The great early rock bands owe their very existence to Berry—including The Beatles, Rolling Stones, and Beach Boys. Rock & roll may have never gained traction in the 50s and 60s without his signature guitar style (both on lead and rhythm). It was the DNA of his many hits, including “Johnny B. Goode,” “Roll Over Beethoven” and “Sweet Little Sixteen.”

Berry—along with his boogie-woogie pianist Johnny (B. Goode) Johnson—played a key role in the alchemy of R&B, rockabilly, Gospel, and jazz that was taking place in the 1950s and given the name of "rock & roll." The infectious rhythm—combined with Berry's innovative lyrics that celebrated the consumerist culture of fast cars and fast food—attracted white teens to this emerging genre, helping to launch a new musical form—and even a new demographic.

For purposes of this blog we should note that Berry, unlike many early rockers, developed his business acumen quickly, after being cheated by his first manager. Berry took charge of his own career and became so focused on cost-cutting that he was known to sleep in his Cadillac rather than pay hotel bills. (Of course, when touring the South a black man didn’t have the option of sleeping in most hotels or motels anyway.)

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Making rock & roll great again

guitar-1015750__340 The giant has awakened.

We owe a debt of gratitude to the new American President for single-handedly reviving rock & roll as a political and cultural force—as reported on this site, early and often).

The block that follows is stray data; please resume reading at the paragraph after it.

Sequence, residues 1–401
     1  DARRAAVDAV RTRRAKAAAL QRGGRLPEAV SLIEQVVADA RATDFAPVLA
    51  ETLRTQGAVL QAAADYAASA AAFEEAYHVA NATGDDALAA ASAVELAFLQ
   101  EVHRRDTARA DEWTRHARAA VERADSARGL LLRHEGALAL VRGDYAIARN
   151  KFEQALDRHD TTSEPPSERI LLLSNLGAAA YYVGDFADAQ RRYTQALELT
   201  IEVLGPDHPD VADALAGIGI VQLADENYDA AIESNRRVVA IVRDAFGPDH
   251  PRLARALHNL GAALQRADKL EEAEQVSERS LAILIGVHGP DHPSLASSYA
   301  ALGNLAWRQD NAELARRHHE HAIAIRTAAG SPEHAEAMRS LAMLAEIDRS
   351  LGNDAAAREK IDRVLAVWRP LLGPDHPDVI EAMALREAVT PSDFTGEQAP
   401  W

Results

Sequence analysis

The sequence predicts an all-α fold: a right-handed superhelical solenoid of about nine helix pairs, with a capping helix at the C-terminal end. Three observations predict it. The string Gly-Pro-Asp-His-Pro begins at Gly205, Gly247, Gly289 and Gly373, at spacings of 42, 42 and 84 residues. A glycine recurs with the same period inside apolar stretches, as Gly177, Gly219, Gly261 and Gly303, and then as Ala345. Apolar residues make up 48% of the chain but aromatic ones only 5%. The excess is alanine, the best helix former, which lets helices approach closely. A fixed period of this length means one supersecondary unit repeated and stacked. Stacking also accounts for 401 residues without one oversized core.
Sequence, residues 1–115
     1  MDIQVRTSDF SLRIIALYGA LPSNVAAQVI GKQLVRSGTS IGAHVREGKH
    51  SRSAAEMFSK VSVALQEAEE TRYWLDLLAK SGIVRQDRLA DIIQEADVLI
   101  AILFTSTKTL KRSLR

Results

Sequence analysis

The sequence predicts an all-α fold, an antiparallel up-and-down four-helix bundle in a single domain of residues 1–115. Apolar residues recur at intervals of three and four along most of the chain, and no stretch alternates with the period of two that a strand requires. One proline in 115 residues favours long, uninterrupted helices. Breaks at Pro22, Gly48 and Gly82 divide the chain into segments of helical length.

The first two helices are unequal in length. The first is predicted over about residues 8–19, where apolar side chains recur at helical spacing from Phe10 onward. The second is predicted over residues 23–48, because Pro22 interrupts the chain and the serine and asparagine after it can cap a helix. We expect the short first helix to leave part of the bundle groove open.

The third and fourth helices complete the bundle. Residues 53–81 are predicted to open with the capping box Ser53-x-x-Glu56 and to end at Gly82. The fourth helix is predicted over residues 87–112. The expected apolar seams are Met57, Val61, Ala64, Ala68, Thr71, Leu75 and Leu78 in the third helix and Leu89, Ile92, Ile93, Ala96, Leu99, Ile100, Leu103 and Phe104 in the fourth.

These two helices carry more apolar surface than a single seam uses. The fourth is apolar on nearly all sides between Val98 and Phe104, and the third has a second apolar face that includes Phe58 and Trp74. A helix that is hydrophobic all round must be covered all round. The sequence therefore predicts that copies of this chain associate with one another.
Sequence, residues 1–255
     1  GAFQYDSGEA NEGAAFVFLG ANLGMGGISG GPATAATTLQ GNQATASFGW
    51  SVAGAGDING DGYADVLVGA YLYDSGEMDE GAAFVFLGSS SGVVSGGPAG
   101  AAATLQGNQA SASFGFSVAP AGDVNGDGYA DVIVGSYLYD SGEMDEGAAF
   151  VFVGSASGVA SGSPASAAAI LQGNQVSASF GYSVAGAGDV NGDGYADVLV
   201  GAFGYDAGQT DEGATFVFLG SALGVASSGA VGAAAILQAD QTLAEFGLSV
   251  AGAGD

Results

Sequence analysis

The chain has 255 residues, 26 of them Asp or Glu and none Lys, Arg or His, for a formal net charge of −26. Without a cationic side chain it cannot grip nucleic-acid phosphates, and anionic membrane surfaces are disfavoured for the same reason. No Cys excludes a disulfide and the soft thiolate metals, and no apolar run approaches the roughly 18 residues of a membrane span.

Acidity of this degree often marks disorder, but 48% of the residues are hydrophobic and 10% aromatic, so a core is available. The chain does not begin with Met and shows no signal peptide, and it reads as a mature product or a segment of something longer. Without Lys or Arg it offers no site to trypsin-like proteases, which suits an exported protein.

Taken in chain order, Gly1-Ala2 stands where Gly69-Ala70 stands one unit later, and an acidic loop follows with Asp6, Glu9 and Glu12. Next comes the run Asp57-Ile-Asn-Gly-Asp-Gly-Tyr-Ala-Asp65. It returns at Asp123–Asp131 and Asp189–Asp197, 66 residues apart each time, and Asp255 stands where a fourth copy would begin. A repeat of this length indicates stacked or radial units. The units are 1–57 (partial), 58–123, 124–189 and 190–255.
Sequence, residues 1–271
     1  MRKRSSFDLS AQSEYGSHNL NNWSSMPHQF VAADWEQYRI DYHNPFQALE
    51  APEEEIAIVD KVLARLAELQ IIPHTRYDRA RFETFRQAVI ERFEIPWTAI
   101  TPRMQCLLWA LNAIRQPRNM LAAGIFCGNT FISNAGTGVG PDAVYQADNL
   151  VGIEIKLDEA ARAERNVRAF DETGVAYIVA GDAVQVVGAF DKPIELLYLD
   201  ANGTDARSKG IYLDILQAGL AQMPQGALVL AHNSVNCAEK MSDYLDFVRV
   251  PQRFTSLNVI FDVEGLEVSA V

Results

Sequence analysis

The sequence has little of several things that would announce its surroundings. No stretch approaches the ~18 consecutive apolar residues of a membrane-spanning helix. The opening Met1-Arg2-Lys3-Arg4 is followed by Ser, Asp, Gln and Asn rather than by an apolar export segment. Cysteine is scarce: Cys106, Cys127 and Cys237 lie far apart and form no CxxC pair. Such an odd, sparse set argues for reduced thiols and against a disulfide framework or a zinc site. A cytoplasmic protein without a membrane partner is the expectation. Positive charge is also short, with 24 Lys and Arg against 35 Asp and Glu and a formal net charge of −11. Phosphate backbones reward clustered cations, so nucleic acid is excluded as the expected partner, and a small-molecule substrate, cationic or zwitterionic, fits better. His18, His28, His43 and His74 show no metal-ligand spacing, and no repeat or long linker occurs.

The list of rock bands and rock singer/songwriters who have denounced the Prez in song, tweet, or interview is a who’s who of top musical talent, including U2, The Rolling Stones, Springsteen, Green Day, Neil Young, David Crosby, REM, Def Leppard, Metallica, Guns N’ Roses, Queens of the Stone Age, Tom Morello, Kelly Clarkson, Henry Rollins, Death Cab for Cutie, Morrissey, My Morning Jacket, and Aimee Mann.

If we expand the generic rock category to include pop, rap, and EDM we can add Katy Perry, Rihanna, Lady Gaga, Madonna, Ariana Grande, Eminem, Shakira, Wyclef Jean, Miley Cyrus, Moby, John Legend, Usher, Josh Groban, Adele, and dozens more.

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Not the Best idea

beatles-1295244__340Sometimes it's not a good thing to get sick and miss work.

Ringo Starr appeared with The Beatles at Liverpool’s Cavern Club 55 years ago this month, when their regular drummer, Pete Best, was taken ill. The Beatles, especially Paul McCartney, liked Ringo’s playing and circled back to Ringo six months later to persuade him to replace Pete on drums.

As stated in previous posts, the events surrounding Pete’s firing—in August of 1962—are STILL riddled in mystery. After all, Pete was the most popular Beatle with the female fans and a critical piece of the Beatles’ “Wall of Sound."

But as theorized here, there seemed to be several forces at work. One was McCartney’s constant attempts to unseat Pete Best, either because of McCartney’s jealousy at Best’s popularity with the “birds” or because McCartney thought Pete's drumming was weak (an opinion not universally shared by Liverpool musicians at the time).